• R29 - Urban, Rural, Regional, Real Estate, and Transportation Economics - - Household Analysis - - - Other

    NEP fields

    This paper has been announced in the following NEP Reports:

    Statistics

    Access and download statistics

    Corrections

    All material on this site has been provided by the respective publishers and authors. You can help correct errors and omissions. When requesting a correction, please mention this item's handle: RePEc:lvl:piercr:2013-08. See general information about how to correct material in RePEc.

    For technical questions regarding this item, or to correct its authors, title, abstract, bibliographic or download information, contact: (Manuel Paradis). General contact details of provider: http://edirc.repec.org/data/cdvlvca.html .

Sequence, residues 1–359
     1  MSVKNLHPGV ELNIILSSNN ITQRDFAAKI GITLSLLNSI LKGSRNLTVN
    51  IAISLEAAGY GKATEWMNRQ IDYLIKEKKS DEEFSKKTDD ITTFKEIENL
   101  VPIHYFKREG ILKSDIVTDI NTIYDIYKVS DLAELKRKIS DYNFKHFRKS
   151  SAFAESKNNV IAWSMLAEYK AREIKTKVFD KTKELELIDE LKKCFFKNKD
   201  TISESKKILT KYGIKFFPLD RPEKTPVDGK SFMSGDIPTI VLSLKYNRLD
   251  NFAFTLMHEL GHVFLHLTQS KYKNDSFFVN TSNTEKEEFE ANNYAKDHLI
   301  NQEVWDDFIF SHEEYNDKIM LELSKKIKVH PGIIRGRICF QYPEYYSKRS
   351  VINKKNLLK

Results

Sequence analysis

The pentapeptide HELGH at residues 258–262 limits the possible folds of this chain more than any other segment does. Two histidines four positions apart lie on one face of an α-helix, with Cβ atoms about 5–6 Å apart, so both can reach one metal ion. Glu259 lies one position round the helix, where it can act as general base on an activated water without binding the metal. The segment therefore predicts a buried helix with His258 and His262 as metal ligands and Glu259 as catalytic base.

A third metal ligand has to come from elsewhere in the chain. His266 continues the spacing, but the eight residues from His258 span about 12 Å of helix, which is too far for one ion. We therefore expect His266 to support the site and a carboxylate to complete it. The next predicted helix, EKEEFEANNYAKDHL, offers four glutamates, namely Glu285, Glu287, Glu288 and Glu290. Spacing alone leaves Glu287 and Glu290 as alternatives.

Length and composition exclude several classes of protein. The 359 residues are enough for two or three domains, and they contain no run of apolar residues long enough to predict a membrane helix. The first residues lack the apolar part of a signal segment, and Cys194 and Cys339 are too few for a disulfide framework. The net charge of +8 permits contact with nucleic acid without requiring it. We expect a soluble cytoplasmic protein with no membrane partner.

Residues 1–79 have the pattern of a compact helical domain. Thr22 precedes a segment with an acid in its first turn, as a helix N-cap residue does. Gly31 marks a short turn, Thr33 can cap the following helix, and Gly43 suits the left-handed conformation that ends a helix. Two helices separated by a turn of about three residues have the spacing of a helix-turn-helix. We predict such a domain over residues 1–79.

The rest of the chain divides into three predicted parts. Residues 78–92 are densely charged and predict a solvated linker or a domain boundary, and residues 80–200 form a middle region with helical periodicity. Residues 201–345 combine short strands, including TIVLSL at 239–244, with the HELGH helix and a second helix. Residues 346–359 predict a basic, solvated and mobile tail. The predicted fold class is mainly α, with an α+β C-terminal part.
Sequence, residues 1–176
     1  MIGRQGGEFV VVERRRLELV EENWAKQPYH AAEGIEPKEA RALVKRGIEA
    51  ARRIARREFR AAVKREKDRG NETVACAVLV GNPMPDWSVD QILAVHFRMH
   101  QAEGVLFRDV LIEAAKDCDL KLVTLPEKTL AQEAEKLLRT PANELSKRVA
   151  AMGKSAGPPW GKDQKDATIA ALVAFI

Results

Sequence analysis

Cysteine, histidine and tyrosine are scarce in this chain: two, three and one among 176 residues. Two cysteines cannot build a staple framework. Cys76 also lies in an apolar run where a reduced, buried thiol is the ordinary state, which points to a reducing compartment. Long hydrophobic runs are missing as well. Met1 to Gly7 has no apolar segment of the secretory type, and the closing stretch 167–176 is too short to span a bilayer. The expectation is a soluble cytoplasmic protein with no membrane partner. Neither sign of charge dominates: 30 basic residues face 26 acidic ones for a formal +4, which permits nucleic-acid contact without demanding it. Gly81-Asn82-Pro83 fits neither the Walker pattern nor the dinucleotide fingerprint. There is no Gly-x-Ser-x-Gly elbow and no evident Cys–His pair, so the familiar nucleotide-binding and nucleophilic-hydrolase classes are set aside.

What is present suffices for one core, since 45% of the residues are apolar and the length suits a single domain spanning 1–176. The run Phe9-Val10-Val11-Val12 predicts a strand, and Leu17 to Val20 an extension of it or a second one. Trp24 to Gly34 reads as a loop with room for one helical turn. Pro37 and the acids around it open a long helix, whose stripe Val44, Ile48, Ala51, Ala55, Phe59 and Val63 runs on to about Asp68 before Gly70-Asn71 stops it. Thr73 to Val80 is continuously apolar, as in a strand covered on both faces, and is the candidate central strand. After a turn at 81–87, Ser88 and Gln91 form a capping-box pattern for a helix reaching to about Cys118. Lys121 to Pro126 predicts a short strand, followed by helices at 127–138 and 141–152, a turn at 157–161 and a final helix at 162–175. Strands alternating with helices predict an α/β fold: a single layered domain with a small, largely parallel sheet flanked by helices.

If you have authored this item and are not yet registered with RePEc, we encourage you to do it here. This allows to link your profile to this item. It also allows you to accept potential citations to this item that we are uncertain about.

    If CitEc recognized a reference but did not link an item in RePEc to it, you can help with this form .

    If you know of missing items citing this one, you can help us creating those links by adding the relevant references in the same way as above, for each refering item. If you are a registered author of this item, you may also want to check the "citations" tab in your RePEc Author Service profile, as there may be some citations waiting for confirmation.

    Please note that corrections may take a couple of weeks to filter through the various RePEc services.

    IDEAS is a RePEc service hosted by the Research Division of the Federal Reserve Bank of St. Louis . RePEc uses bibliographic data supplied by the respective publishers.